A key feature of the song is the use of stop time, or pauses in the music, during the first half of the progression.[26] This musical device is commonly heard in New Orleans jazz,[26] when the instrumentation briefly stops, allowing for a short instrumental solo before resuming.[37] However, Muddy Waters' and Dixon's use of stop time serves to heighten the tension through repetition,[38] followed by a vocal rather than an instrument fill.[39] The accompanying riff, which Dixon described as a five-note figure,[22] is similar to that of "Mad Love".[20] He attributed it to the band[26] and according to Inaba, "this riff was not Dixon's invention, but opening a song with this characteristic rhythm pattern and extending it for a long duration was a novel idea".[38] Although Palmer comments that the entire group phrases the riff in unison,[26] Boone describes it as a "heavy, unhurried counterpoint by all the instruments together".[31] Campbell identifies the opening as actually having "two competing riffs"[28] or contrapuntal motion, with one played by Little Walter on an amplified harmonica and another by Muddy Waters on electric guitar.[28]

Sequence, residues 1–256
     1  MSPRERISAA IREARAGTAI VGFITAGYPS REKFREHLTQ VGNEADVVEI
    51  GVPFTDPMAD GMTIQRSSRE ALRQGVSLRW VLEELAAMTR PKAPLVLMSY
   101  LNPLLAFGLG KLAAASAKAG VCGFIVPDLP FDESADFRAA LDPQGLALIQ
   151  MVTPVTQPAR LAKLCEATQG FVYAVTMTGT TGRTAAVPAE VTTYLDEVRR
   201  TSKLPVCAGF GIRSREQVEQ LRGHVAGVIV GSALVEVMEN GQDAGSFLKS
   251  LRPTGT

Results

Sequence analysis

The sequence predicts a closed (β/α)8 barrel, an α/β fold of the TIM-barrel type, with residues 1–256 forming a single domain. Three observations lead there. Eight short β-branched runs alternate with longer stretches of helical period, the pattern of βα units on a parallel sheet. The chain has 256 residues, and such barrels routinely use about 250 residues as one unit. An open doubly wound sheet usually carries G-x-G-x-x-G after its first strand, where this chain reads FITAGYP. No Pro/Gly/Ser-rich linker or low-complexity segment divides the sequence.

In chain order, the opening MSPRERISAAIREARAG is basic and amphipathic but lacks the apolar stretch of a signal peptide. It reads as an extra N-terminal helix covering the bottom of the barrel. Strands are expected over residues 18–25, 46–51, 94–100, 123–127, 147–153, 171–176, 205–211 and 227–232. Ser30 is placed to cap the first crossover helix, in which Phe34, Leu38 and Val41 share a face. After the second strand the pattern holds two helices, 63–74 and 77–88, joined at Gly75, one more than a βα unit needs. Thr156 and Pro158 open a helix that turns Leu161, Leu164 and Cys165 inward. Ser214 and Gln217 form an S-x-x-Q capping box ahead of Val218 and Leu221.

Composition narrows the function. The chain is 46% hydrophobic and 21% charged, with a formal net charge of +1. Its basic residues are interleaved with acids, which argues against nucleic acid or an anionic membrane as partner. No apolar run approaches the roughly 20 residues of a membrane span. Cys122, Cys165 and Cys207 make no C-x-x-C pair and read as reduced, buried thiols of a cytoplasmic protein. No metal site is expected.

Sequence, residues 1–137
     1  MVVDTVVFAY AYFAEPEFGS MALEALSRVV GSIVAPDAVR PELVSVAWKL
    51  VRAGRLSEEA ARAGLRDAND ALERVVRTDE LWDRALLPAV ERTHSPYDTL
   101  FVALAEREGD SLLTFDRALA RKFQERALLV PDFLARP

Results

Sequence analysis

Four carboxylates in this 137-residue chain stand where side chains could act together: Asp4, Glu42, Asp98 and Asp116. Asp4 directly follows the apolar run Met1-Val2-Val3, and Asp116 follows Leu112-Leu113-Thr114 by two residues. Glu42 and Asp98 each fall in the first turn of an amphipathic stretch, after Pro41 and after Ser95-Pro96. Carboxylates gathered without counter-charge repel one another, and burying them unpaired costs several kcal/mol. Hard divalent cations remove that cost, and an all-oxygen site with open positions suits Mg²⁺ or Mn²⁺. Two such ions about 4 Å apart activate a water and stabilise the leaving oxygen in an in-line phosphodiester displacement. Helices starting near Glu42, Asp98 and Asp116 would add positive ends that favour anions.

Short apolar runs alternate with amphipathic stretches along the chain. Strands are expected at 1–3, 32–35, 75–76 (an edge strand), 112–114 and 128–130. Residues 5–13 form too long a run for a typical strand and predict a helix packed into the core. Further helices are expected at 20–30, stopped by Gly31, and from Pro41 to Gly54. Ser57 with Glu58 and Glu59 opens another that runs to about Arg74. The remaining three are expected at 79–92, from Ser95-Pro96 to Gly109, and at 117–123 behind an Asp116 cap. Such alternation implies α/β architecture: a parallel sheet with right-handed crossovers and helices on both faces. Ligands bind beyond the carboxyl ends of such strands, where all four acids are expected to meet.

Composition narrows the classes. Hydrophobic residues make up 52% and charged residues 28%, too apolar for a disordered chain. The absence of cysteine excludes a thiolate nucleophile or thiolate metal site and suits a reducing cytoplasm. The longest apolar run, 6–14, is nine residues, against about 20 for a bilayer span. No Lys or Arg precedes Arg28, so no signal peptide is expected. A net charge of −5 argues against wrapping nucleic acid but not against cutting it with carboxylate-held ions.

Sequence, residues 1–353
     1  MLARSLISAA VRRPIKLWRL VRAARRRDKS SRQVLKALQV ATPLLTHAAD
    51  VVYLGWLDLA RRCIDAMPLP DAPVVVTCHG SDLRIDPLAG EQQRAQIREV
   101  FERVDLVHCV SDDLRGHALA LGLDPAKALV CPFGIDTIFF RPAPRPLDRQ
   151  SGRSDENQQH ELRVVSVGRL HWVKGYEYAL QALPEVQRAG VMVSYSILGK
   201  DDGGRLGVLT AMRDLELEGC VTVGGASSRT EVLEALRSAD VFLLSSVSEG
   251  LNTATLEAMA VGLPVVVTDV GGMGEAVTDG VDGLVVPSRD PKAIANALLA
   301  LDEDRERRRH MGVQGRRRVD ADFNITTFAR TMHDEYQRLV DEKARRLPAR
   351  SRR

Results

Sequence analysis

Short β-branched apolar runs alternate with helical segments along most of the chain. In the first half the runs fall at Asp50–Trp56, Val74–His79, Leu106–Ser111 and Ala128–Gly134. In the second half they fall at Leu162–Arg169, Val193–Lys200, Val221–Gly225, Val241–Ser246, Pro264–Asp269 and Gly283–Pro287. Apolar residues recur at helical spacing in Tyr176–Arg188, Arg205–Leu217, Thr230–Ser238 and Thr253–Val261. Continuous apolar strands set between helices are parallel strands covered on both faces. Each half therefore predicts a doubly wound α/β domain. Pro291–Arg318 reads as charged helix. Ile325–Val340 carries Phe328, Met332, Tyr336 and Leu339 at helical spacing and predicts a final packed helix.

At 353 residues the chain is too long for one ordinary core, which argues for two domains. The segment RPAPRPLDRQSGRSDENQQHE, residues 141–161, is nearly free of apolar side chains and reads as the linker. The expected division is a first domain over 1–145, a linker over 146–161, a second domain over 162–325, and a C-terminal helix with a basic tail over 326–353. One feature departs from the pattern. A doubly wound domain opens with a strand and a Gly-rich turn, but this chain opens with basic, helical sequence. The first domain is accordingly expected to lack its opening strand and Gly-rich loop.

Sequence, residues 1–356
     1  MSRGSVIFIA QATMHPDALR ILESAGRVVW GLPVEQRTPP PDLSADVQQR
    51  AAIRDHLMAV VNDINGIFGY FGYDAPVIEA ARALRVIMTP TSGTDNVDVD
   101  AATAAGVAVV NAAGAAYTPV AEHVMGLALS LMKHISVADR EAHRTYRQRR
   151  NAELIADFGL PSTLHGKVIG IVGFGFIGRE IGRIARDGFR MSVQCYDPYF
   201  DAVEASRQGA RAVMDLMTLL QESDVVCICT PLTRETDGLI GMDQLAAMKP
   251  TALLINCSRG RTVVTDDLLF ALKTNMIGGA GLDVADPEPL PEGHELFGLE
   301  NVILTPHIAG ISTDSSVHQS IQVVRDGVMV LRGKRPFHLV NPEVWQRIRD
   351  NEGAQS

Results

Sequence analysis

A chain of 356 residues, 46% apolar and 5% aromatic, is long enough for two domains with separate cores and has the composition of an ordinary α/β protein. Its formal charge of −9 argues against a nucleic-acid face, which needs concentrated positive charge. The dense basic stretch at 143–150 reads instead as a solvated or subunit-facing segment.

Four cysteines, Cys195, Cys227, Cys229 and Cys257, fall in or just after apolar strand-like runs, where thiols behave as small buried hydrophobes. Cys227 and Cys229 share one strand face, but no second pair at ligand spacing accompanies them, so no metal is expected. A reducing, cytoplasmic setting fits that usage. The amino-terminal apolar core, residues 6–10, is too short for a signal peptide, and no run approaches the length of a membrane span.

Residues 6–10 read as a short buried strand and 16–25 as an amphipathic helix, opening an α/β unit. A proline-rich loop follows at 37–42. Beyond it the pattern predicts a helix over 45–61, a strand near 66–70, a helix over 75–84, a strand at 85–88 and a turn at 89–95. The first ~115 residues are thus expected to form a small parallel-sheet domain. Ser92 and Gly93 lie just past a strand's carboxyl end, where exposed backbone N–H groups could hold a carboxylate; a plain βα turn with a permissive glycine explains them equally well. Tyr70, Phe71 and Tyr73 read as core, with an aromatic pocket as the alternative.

For the second eight-bars of the progression, the standard I–IV–V7 structure is followed, which maintains the song's connection to traditional blues.[39] It is performed by the whole band as a shuffle with a triplet rhythm, which Campbell describes as a "free-for-all [with] harmonica trills, guitar riffs, piano chords, thumping bass, [and] shuffle pattern on the drums".[40] He adds, "this kind of dense texture, with independent but interdependent lines, was almost unprecedented in small-group music before rock".[40] However, unlike the polyphony of New Orleans jazz, the instrumentation parallels Muddy Waters' aggressive vocal approach and reinforces the lyrics.[31] The players use of amplification, pushed to the point of distortion, is a key feature of Chicago blues and another rock precedent.[40] In particular, Little Walters' overdriven saxophone-like harmonica[41] playing weaves in and out of the vocal lines, which heightens the drama.[42]

Lyrics and interpretation[edit]